Monday, August 22, 2016

Unassigned Reading Club: The Footnote

For most academics, there are two types of reading we do: Books we have to read, and books we read to relax. For me, "have to reads" include things for both teaching and research. "Relaxation reads" are real brain-in-power-down-mode novels, more often than not in one of the speculative fiction or fantasy subgenres, with an occasional award-winner thrown in there. Point is, I'm either working, or I'm off the clock.

But then there's that other list: the things that are smart, written by scholars for a popular audience, or journalists for a smart audience. Books that make you think, but that manage to do so without feeling like work. 

Often, what visually differentiates these books from the "have to reads" is a lack (or paucity) of footnotes. Which is what makes my choice for September particularly ironic: it's Anthony Grafton's The Footnote: A Curious History. It's a book about the way knowledge is presented in written and visual form. I think. I haven't read it yet. And yes -- it does have footnotes.

In any case, my friend J and I were planning on reading this during the month of September, and then talking about it. So if anyone would like to join in, grab a copy (did I mention it's a slim volume, perfect for a quick-but-smart read?), get reading, and let's meet back here around September 30th.

Who's in?

8 comments:

Bardiac said...

I remember reading this some few years ago, and finding it fascinating. I should pull it out again. I'll be interesting to see what you folks have to say (since I'm not a historian, and it's very interested in how historians write and think).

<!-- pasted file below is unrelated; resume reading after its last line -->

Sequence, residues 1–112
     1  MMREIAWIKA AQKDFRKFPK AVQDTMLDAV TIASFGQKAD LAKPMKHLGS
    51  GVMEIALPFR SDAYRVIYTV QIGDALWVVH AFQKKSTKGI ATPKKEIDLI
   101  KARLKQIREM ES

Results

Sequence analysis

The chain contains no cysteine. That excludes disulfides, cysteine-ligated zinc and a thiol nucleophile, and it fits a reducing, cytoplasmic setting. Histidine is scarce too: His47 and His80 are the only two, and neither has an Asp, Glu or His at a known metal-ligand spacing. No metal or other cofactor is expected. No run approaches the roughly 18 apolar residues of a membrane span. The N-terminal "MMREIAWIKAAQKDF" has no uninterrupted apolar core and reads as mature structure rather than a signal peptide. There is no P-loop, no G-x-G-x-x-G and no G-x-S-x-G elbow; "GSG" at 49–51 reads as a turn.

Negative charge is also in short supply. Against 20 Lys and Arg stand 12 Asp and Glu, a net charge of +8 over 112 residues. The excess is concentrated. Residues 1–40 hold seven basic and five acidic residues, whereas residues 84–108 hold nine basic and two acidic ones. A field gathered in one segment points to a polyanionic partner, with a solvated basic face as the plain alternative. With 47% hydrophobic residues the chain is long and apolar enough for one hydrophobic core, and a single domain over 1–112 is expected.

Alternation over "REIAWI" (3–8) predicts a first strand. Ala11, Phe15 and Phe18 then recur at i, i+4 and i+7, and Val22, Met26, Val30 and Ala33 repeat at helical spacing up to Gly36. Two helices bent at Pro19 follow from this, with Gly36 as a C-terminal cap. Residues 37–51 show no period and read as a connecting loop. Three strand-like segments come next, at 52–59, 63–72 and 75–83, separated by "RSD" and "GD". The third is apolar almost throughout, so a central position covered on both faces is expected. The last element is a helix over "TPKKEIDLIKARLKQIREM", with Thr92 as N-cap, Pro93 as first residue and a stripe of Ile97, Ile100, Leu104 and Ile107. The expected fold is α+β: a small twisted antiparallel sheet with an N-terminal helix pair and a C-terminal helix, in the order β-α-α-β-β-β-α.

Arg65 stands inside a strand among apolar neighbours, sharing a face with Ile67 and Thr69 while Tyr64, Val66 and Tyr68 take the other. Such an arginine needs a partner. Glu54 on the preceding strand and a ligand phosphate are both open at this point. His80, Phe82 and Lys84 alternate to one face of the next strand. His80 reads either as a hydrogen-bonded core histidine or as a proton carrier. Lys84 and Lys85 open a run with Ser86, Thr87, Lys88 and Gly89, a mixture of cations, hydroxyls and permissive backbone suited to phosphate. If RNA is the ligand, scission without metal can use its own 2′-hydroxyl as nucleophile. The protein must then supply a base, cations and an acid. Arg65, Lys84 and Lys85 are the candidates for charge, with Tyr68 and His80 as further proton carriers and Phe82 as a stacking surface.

Flavia said...

YES.

Belle said...

I'm IN!

Notorious Ph.D. said...

Cool! I'll post a reminder mid-month, I think...

Emily Bruce said...

Longtime lurker Emily B would love to join!

Contingent Cassandra said...

This looks intriguing. I've been meaning to read it for a while (and to get back to more reading-in-books, period), and I'm doing some work on citation now (mostly from a teaching perspective, but that works, I think). So I'm in; will write myself a note to check in in late Sept.

Good Enough Woman said...

I read it earlier this year because it was relevant to one of my diss chapters, and I really enjoyed it. I got so excited when it came in the mail that I showed to my husband and said (somewhat wryly), "Look what I get to read! You can read it when I finish."

He's a math and engineering guy. HIs response? "I'd rather eat glass."

Lucy said...

I'd be really interested!